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«From Inception to Implementation: How SACPA has affected the Case Processing and Sentencing of Drug Offenders in One California County DISSERTATION ...»

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It might be based on a short risk/needs assessment conducted at or prior to sentencing with severity of addiction taking precedence.

and allow the court to more closely monitor some offenders. There are some drawbacks to adding a second court, specifically consistency and the issue of judge shopping, however C58 is clearly overburdened at this point and cannot adequately monitor all the felony offenders on Prop36 probation in the county. The situation is not going to get better, and may in fact get worse with the increase in arrests.

As mentioned, additional resources are also necessary to increase the number of residential treatment beds and to improve the treatment provided.

According to the treatment providers interviewed, the funding provided by Prop36 funds is insufficient to provide quality treatment and many high quality treatment facilities are not willing to take Prop36 clients because the compensation is insufficient. One treatment provider argued that Prop36 clients are “never going to get what they need there because there’s not enough money to pay for the right treatment” (Confidential Informant TAL, personal communication). The need for proper resources goes beyond the fiscal issue and impacts the success of the program as well as the perception of rehabilitation in general and Prop36 specifically.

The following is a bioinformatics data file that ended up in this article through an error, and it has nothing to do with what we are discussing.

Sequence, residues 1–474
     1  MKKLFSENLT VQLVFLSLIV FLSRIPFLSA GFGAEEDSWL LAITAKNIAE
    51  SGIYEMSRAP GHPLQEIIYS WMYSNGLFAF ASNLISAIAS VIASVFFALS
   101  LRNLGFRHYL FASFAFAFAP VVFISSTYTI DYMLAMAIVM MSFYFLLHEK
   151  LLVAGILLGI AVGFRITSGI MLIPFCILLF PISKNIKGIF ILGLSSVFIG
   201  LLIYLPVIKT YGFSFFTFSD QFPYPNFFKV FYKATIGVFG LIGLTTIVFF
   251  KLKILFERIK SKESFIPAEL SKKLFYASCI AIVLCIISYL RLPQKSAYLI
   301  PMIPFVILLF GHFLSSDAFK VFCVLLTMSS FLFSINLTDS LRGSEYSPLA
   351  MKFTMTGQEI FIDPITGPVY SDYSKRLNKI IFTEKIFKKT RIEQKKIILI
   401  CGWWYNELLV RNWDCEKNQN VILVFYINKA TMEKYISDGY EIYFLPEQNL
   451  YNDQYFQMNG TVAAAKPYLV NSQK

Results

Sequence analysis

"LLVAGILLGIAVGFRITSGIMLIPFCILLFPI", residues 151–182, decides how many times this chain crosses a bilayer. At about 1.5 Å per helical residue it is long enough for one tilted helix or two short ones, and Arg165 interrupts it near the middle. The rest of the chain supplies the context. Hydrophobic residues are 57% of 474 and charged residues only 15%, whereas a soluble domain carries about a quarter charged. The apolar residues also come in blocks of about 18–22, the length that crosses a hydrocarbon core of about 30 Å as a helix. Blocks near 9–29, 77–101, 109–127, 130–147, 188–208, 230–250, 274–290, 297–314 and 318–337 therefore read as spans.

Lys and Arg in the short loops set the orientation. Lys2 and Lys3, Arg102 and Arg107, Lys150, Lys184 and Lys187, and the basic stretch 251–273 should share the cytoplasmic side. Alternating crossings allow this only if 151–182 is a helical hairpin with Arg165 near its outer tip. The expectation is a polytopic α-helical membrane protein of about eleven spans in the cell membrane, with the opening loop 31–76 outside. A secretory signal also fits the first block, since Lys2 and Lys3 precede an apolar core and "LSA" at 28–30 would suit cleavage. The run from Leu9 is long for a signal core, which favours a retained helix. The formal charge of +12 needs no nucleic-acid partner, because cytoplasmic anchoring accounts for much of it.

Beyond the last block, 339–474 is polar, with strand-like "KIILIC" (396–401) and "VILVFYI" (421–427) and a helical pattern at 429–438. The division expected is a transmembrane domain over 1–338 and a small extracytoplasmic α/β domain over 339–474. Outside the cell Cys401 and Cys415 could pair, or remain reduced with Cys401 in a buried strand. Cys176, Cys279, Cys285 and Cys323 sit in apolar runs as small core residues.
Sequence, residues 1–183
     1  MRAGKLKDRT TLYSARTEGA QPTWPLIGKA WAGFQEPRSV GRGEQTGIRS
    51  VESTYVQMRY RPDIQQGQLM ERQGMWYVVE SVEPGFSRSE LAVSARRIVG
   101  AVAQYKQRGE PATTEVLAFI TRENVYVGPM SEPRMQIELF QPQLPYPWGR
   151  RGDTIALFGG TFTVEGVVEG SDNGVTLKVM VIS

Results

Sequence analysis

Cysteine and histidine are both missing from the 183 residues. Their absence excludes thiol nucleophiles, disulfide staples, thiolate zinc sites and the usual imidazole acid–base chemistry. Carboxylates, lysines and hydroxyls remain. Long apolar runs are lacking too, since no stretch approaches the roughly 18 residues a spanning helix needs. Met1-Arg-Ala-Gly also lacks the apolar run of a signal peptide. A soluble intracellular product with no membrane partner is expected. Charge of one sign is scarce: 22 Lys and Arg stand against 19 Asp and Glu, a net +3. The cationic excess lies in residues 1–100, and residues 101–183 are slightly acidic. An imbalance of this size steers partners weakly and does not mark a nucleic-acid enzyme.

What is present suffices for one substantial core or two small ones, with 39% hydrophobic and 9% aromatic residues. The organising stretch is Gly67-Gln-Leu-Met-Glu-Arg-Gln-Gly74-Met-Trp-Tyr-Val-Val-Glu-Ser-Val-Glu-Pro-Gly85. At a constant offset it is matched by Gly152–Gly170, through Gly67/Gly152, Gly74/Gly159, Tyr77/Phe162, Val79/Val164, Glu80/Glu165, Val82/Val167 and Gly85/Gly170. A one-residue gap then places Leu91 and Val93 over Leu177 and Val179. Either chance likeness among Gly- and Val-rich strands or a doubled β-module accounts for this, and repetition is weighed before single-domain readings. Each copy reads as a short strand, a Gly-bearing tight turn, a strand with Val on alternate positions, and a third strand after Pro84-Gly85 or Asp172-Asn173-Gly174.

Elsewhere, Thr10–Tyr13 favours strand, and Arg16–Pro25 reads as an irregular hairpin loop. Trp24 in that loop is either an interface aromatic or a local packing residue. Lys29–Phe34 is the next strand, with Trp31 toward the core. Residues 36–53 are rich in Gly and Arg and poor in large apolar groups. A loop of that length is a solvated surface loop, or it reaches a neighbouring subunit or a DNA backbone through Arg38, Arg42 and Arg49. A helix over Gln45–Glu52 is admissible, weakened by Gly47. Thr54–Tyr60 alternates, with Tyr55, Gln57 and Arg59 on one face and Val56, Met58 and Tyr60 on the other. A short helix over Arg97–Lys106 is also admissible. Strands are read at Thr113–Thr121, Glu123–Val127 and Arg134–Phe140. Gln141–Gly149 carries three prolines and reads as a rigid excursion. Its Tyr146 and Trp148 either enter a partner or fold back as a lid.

One of the changes I would fund, treatment that is more closely linked to the level of addiction. One of the first things we noticed in implementation in Orange County is that there were far fewer residential treatment beds available than there were people who needed them and the number of beds have gone down, not up since the initial start of the program. So extending the resources necessary to provide a level of treatment that matches the level of addiction would make it much more successful. The other thing, I think that if there was more accountability, more resources available, mostly for treatment, but also for monitoring, so that probation could actually monitor a greater percentage of cases and bank fewer cases would help hold people accountable and help them succeed as well. [Public Defender] Do we need to look at implementing some of that [residential treatment, better supervision, life skills training, employment…] so we don’t have the cycle continuing? That’s what it seems like from where I’m at. I have people coming back not even a year after they’ve been successfully terminated from Prop. They come back with another case. They’ll find any excuse to go back to using, and they get re-arrested, and here we are again. Its job security to me, but what benefit is it doing to the offender, to the community, to the criminal justice system? [Probation Officer] I think the other reason that Prop 36 is so negative is that people read what a failure it is and they think that rehab is a failure. Rehab isn’t a failure. It’s this program that is a failure.… But the sad thing is that all these other poor innocent people that simply have a drug addiction that they need help with are not getting the help that they need. [Judge]

–  –  –